Irish Credit unions appear to be divided as to their freedom to undertake differential credit risk pricing as part of their normal business. The argument is offered by some credit unions that, as mutual organisations, they must, under section 38 of the 1997 Act, charge the same price for ‘The Same  Class of Loan’. Critically, however, ‘Class of Loan’ is not defined and loan types are of course not internally homogeneous.

Take as an example, financing the common car. Some aspects which differentiate one car from another and arguably require differential pricing include:

  • Is the car taken as security against the loan? Most credit union lending is unsecured, so arguably the ‘Class of Loan’ is an unhelpful term.
  • And even where taken as security, the amortisation schedules of various cars can be very different, offering alternative levels of security for car loans, differentiating classes of loan
  • What Loan to Value ratio is involved? 50 % or 80%. This also distinguishes the ‘Class of Loan’’
  • What is the maturity of the loan? A car loan structured over, say, 6 years, as against over two years, represents a very different loan for the borrower (and in the arrear book of the lender)
  • Loans on the popular executive cars e.g. BMW, Lexus Mercedes, etc are very different loans from the popular, more modest marques, with very large differences also in Loan values.

These differences in Classes of Loan apply equally to the very important and, for many credit unions, dominant Home Improvement loans.

Loans to consolidate other debts are transparently  unique and should be distinguished for credit risk purposes.

If it is accepted that the Class of Loan is the loan itself, rather than the loan purpose, then pricing differentiation must be allowed equally and especially for the credit standing  of the borrowers!

All these observations are already well understood by Irish Credit Unions, but many still consider themselves additionally constrained from Risk Pricing by their mutual status.  Here we consider the operation of that important operating principle.


Principle of Mutuality

There is a very extensive literature on the principle of Mutuality. This writer found the definition of the Australian Tax office succinct and helpful and an excellent primer:

The mutuality principle is a legal principle established by case law. It is based on the proposition that an organisation cannot derive income from itself.

The principle provides that where a number of persons contribute to a common fund created and controlled by them for a common purpose, any surplus arising from the use of that fund for the common purpose is not income. The principle does not extend to include income that is derived from sources outside that group’, adding ‘.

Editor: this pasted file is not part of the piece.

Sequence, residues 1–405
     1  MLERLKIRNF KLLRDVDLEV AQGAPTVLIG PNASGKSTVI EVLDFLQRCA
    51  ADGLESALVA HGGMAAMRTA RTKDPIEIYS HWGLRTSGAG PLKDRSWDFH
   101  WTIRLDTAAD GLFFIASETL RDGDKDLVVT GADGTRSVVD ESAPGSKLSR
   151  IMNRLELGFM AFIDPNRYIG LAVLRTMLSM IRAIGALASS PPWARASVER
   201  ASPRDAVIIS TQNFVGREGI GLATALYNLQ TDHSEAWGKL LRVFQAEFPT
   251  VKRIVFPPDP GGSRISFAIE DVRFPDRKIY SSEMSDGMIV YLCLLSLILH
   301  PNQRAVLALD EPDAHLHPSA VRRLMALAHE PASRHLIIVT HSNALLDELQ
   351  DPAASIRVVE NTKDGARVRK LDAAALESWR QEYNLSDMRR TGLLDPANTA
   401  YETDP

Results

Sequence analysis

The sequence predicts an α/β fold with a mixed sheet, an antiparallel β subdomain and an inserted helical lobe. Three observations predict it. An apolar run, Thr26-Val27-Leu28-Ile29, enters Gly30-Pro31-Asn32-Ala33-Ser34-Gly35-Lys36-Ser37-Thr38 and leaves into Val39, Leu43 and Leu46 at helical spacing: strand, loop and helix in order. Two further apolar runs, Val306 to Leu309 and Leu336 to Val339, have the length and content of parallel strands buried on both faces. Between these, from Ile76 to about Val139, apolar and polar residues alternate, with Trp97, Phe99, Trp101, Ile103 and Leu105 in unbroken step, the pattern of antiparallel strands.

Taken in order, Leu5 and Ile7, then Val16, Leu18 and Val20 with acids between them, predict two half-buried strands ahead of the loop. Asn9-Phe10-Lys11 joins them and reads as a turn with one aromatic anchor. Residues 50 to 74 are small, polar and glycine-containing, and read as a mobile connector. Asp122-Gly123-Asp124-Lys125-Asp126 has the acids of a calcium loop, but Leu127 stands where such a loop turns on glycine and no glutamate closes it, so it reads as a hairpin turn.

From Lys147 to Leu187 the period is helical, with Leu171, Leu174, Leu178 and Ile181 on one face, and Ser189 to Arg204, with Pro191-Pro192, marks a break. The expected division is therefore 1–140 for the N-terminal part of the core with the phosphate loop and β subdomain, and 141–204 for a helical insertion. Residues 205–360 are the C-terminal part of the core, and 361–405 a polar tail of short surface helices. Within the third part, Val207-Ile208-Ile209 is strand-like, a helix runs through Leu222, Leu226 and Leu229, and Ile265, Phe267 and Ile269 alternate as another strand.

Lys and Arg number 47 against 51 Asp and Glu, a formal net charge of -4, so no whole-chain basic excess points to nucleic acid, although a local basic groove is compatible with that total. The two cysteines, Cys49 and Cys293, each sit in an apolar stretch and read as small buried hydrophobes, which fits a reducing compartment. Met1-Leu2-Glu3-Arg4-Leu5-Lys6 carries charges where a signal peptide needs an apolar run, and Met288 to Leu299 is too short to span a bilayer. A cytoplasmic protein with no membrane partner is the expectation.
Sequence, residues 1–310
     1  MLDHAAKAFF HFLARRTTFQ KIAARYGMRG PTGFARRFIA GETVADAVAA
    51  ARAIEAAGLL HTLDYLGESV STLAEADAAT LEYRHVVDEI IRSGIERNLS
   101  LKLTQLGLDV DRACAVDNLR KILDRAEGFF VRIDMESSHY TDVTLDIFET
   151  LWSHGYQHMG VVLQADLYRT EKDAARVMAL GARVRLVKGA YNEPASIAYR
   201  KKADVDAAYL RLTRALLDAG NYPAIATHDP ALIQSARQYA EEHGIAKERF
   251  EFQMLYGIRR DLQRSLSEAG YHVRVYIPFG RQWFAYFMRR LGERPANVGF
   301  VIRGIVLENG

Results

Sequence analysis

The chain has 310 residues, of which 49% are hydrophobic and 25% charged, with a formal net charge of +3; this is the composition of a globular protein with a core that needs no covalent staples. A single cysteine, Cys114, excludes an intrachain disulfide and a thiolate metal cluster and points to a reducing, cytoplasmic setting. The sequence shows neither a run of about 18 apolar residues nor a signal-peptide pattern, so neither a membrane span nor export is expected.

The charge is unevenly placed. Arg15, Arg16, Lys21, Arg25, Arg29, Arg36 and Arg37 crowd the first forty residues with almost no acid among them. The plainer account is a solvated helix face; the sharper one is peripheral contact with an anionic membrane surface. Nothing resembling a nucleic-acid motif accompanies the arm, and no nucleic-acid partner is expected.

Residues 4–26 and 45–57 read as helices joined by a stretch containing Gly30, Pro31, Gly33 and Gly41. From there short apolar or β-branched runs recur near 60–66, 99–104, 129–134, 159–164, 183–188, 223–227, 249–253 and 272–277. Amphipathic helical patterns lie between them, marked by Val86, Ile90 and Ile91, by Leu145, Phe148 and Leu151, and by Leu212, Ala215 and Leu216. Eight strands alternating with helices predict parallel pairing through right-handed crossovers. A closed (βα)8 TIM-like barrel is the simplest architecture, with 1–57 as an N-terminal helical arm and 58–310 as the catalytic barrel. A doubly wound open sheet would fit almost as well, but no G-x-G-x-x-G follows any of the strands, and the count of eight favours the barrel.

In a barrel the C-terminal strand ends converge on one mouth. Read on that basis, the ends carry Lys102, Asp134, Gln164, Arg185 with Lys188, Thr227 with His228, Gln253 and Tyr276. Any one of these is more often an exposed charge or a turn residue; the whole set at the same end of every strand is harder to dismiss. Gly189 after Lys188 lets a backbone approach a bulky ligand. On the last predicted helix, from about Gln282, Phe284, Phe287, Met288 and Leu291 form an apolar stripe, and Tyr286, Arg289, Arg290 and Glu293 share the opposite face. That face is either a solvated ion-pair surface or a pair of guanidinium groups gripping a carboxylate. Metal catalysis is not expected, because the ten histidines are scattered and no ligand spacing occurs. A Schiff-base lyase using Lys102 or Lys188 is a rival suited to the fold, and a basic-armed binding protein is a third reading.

The members of the organisation share a common purpose in which they all participate or are entitled to do so. The organisation is carried on for the benefit of its members collectively, not individually. The contributors to the common fund must be entitled to participate in any surplus of the common fund.


Uniform Pricing of Asset Types offends against the principle of Mutuality.

Extensive Credit risk analysis of credit union data illustrates that undifferentiated pricing of loans, based on the above simple categorisation of loans e.g. Cars, or Home Improvements is damaging to the credit union at large, is inefficient and, in its operation is unfair to individual members and even classes of members, as follows.

  • It prefers Borrowers over Savers who currently and typically receive no return whatever for their savings.
  • By uniform/average pricing credit unions prefers Higher-risk Members over Lower -risk members
  • Invoking the principle of Mutuality, average pricing by Credit Unions inadvertently penalises lower risk borrowers by extracting price subsidies from them
  • By undifferentiated average pricing they are exposing all members to an unnecessarily high level of credit risk
  • Mutuality simply and primarily seeks to avoid dividends to external parties or to external shareholders. It does not require the inefficiency that uniform/ average pricing imposes, with consequent and serious under-pricing or overpricing of loans.
  • A second serious inhibitor of the efficiency and growth of Irish Credit Unions is, of course, the 12 % p.a. cap on loans, unlike the 36% allowed in the UK. The lack of upward pricing flexibility confines credit unions to a limited segment of the marketplace, greatly restricting growth possibilities, to the general cost of all members. But that is another critical matter, considered separately.
  • Irish Credit Unions are a celebrated social success, but they need to be encouraged to be fully efficient via differential loan pricing, which, contrary to some beliefs, promotes rather than offends against